To endow computers with common sense is one of the major long-term goals of Artificial Intelligence research. One approach to this problem is to formalize commonsense reasoning using mathematical logic. Commonsense Reasoning is a detailed, high-level reference on logic-based commonsense reasoning. It uses the event calculus, a highly powerful and usable tool for commonsense reasoning, which Erik T. Mueller demonstrates as the most effective tool for the broadest range of applications. He provides an up-to-date work promoting the use of the event calculus for commonsense reasoning, and bringing into one place information scattered across many books and papers. Mueller shares the knowledge gained in using the event calculus and extends the literature with detailed event calculus solutions to problems that span many areas of the commonsense world.
- Covers key areas of commonsense reasoning including action, change, defaults, space, and mental states.
- The first full book on commonsense reasoning to use the event calculus.
- Contextualizes the event calculus within the framework of commonsense reasoning, introducing the event calculus as the best method overall.
- Focuses on how to use the event calculus formalism to perform commonsense reasoning, while existing papers and books examine the formalisms themselves.
- Includes fully worked out proofs and circumscriptions for every example.
Graduate students or advanced undergraduates taking a course on commonsense reasoning or knowledge representation, or looking for tools to use for their thesis work.
Chapter 1: Introduction
1.1 What is Commonsense Reasoning?
1.2 Key Issues of Commonsense Reasoning
1.3 Brief History of Commonsense Reasoning
1.4 The Event Calculus
Part I: Foundations
Chapter 2: The Event Calculus
2.1 First-Order Logic
2.2 Event Calculus Basics
2.3 Event Calculus Axiomatizations
2.7 Domain Descriptions
2.8 Reasoning Types
Part II: Commonsense Phenomena
Chapter 3: The Effects of Events
3.1 Positive and Negative Effect Axioms
3.2 Effect Axiom Idioms
3.4 State Constraints
Chapter 4: The Triggering of Events
4.1 Trigger Axioms
4.2 Preventing Repeated Triggering
4.3 Triggered Fluents
Chapter 5: The Commonsense Law of Inertia
5.1 Representation of the Commonsense Law of Inertia
5.2 Representing Release from the Commonsense Law of Inertia
5.3 Release Axioms
Chapter 6: Indirect Effects of Events
6.1 Effect Axioms
6.2 Primitive and Derived Fluents
6.3 Release Axioms and State Constraints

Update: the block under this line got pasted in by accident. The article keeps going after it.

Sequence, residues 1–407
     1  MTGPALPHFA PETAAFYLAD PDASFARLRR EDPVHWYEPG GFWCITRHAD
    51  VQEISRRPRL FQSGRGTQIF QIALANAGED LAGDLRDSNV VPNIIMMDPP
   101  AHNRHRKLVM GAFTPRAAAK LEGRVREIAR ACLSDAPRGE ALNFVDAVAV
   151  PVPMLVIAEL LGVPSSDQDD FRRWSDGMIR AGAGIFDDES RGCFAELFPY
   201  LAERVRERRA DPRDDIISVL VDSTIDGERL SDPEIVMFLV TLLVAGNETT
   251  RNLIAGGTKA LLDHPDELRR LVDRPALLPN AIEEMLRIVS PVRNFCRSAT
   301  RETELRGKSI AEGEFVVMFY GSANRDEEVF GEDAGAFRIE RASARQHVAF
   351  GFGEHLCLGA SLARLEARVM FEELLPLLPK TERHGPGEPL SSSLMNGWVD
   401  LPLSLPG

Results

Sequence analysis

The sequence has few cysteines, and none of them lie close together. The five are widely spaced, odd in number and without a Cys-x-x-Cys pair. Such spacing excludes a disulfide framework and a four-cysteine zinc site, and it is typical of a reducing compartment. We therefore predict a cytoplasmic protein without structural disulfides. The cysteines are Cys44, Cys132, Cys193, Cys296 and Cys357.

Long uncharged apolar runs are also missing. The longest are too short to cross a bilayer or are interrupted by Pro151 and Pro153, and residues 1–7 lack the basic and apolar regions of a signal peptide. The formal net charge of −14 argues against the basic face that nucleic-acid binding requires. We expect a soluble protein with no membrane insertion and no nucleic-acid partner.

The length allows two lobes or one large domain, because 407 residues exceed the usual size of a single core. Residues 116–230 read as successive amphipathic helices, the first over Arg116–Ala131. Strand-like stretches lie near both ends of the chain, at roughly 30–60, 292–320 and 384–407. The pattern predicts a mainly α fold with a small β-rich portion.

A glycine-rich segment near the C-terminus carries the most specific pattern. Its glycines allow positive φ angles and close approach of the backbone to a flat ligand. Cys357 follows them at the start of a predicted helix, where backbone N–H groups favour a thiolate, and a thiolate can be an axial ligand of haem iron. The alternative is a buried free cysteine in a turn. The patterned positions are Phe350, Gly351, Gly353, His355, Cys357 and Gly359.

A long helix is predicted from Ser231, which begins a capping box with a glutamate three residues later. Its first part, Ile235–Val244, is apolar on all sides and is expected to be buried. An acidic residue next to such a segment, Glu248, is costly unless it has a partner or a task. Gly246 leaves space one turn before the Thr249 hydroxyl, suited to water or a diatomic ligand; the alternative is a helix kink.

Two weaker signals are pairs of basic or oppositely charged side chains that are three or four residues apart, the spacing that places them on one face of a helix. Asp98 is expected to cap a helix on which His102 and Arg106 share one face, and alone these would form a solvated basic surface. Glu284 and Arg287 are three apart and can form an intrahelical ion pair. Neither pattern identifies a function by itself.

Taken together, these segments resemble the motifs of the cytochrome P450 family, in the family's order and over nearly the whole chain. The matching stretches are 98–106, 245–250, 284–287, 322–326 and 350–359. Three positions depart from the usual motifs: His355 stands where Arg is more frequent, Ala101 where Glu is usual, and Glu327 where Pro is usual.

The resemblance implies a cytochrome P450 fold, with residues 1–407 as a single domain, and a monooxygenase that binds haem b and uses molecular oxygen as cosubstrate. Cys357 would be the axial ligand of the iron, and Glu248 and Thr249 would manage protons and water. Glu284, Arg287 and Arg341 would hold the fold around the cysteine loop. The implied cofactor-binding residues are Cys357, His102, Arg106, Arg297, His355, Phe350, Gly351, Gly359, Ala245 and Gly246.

6.4 Effect Constraints
6.5 Causal Constraints
6.6 Trigger Axioms
Chapter 7: Continuous Change
7.1 Trajectory Axioms
7.2 AntiTrajectory Axioms
7.3 Using AntiTrajectory Instead of Releases
Chapter 8: Concurrent Events
8.1 Restricting Concurrency<BR id=""CRLF"
- No. of pages:
- © Morgan Kaufmann 2006
- 19th January 2006
- Morgan Kaufmann
- eBook ISBN:
- Hardcover ISBN:
IBM Watson Group and IBM Research, New York, USA
“A comprehensive exposition of reasoning about actions and change using the circumscription-based Event Calculus. The book has an excellent up-to-date bibliography on actions and change.” -Chitta Baral, Arizona State University “Central to the idea of Artificial Intelligence is getting computers to understand simple facts about people and everyday life—what we call Common Sense. Amid the technical discussions about inference algorithms and knowledge representation, a larger question arises: What have we actually learned in the past 30 years about how to put Commonsense knowledge in computers? Look no further than Erik Mueller's Commonsense Reasoning for a deep and insightful survey of the state of the art in this topic. Some say that Commonsense defies logic; here Mueller shows that logic, at least, can put up a good fight.” -Henry Lieberman, MIT Media Laboratory “Erik Mueller has given the most thorough treatment of common sense knowledge and reasoning yet to appear.” -John McCarthy, Stanford University “The strength of this book is that it uses a uniform representation formalism, the event calculus, to solve a variety of commonsense reasoning problems. Researchers will find the book an inspiring tool which provides many ideas for applications of action formalisms. Thanks to both the exemplary presentation style and numerous examples, the book is also well-suited for teachers and students alike.” -Michael Thielscher, Dresden University of Technology “Developing systems that can perform actions and deal with change is a major challenge in intelligent system design, because it requires the construction of sophisticated models for knowledge representation and reasoning. This book provides important ideas and methods which can be used to model commonsense reasoning about events in complex and dynamic environment